I always try to bring my personality to the forefront—which can be challenging when you’re talking to somebody like Brad Pitt. You might be compelled to say, “Brad, it’s awesome that you were nominated for an Oscar nomination for Ben Button. Fill in the blank here with ‘Typical Question That Everyone Else Asks.’”
Instead, ask something like, “What does Zahara think about your accent in Inglourious Basterds, and do your other kids try to imitate it?” You have to engage people in a way that makes them feel a little less onstage. It’s not always a home run, but I try to do this as much as possible.
Do you have an example of an interview that was slow-going at first, but you ramped it up by disarming or engaging the person?
Reese Witherspoon. I found a connection with her in the Southern-girl thing. She’s from Tennessee, and we got to talking about collard greens and sweet potatoes, and that totally took the conversation in a different direction.
The interview was about Four Christmases. Other reporters were doing the “What does Reese Witherspoon really want for Christmas?” angle, but I was the only reporter who got a really good answer from her. And it was because we went on a complete tangent about sloppy hogs and life in the South. She said, “You know what I really want for Christmas? I want a man to build me a pigpen.” It was hilarious, because no one could imagine Jake Gyllenhaal building a pigpen for Reese Witherspoon.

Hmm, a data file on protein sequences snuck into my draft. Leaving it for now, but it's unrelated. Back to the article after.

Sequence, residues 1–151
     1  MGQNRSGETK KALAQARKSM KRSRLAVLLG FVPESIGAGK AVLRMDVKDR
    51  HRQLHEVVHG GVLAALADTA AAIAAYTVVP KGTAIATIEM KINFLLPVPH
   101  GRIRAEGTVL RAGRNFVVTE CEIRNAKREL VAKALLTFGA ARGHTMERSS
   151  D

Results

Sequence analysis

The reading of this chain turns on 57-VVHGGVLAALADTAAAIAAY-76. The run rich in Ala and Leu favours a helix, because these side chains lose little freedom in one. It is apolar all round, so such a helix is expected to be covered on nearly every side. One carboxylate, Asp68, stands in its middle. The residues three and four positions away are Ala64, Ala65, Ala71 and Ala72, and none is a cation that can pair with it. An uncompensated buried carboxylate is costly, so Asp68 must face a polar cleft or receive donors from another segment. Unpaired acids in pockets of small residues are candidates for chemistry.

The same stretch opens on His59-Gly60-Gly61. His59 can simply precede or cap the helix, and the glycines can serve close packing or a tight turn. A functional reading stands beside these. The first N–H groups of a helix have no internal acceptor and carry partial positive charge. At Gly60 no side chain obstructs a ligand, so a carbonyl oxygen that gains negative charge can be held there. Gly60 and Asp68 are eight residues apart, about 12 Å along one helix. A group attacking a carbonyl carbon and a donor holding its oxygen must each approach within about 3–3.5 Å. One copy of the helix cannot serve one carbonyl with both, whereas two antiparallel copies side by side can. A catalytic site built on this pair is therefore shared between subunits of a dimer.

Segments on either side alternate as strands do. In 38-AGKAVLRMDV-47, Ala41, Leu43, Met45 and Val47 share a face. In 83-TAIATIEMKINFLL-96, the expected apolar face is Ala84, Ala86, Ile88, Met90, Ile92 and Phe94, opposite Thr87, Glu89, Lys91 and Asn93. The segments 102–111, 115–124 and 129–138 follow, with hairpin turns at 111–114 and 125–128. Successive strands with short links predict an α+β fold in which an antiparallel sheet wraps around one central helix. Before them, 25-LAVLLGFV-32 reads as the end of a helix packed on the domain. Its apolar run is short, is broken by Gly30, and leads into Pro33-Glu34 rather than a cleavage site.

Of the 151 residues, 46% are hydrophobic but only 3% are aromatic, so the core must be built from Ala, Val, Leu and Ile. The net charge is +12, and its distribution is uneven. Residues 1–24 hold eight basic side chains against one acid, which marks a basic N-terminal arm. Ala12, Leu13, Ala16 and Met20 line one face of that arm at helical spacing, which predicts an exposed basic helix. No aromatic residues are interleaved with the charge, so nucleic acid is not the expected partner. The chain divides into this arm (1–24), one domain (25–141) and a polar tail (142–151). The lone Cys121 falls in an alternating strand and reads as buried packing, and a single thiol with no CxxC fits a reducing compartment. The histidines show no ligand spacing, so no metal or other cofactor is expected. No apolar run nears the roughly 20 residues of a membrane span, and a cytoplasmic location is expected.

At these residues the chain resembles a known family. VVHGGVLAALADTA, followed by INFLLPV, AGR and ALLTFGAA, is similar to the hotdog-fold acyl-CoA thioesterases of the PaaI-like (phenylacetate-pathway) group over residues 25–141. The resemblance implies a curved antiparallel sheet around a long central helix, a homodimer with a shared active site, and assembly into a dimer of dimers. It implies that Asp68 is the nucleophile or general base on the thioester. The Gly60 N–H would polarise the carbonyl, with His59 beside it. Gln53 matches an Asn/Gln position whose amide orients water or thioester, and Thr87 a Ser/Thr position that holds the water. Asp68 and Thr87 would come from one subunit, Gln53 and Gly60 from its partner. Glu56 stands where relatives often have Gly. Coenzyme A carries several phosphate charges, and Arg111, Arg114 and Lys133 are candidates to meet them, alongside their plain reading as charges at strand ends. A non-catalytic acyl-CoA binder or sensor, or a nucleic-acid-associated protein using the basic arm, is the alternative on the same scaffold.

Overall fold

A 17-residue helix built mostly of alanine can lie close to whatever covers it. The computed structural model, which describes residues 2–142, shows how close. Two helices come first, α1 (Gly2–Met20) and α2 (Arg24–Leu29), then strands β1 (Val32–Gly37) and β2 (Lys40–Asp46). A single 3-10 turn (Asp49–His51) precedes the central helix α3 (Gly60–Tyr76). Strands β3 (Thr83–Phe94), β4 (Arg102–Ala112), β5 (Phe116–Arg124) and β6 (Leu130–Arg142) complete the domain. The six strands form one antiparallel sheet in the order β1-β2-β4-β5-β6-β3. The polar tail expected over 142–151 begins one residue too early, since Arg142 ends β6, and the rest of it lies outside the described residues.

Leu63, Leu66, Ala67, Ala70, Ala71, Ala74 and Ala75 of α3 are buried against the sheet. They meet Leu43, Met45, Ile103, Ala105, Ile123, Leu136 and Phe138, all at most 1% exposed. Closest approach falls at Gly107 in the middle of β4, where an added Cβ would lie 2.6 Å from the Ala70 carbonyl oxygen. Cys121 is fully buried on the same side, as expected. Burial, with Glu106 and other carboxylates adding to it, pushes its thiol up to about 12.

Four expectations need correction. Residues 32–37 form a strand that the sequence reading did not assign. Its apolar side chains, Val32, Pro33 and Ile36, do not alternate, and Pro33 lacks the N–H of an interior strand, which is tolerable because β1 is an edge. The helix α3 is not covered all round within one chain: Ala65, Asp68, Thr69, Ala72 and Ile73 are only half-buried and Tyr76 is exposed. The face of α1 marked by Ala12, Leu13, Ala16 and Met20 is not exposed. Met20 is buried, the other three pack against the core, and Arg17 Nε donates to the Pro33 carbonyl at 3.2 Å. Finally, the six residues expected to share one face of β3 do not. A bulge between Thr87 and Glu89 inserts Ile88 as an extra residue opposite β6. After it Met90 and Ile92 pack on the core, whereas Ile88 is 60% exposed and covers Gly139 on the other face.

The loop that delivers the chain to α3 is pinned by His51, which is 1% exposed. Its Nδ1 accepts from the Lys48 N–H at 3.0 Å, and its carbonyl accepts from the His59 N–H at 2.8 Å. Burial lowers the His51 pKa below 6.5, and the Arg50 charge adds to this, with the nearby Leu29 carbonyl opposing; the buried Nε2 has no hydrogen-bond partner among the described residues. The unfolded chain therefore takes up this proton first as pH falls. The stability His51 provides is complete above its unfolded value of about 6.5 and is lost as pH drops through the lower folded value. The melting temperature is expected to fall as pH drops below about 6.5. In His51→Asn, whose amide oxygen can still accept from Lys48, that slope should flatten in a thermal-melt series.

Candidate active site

What’s your lifestyle like as a celebrity reporter?
I feel like I never turn it off. The hours are predictable but unpredictable at the same time. Tomorrow is the New Moon premiere, one of the most anticipated films of the year. That’s going to be a really long thing—I have to cover red-carpet arrivals, which means I will check in at 3 p.m., cover arrivals until 7:30, and then high-tail it across town to cover another event, where David and Victoria Beckham will be. I’m covering that live, so I’m writing that story while I’m on the carpet, so that it goes into the paper the next day. And the other event will be something that I’ll file shortly after midnight. That’s a pretty typical day.
But there are some days where I’m just having lunches with publicists or doing interviews with actors or singers. On [November 19], I’m going to have a sit-down with Keri Hilson, and then a planning meeting to have high tea with Julie Andrews in January. It kind of varies every day.
What’s your advice to aspiring writers?
To read other writers—that’s ultimately how you develop your voice, and that’s what’s going to set you apart from other people in this business. Find a favorite writer—and it doesn’t have to be another journalist. I have favorite journalists, but my favorite writers are novelists.
One of my favorite writers is kind of an obscure novelist—Beverly Jenkins. She writes Harlequin-esque romance novels for African Americas, that are set after slavery and before reconstruction. She really teaches you—she’s a former librarian and researches these obscure, little-known groups of people. She’s so good because she’s well researched and has a solid narrative. Journalists, especially right now, should reach outside the box to find other ways to engage readers.
The inkpop blog is written by inkpopAmy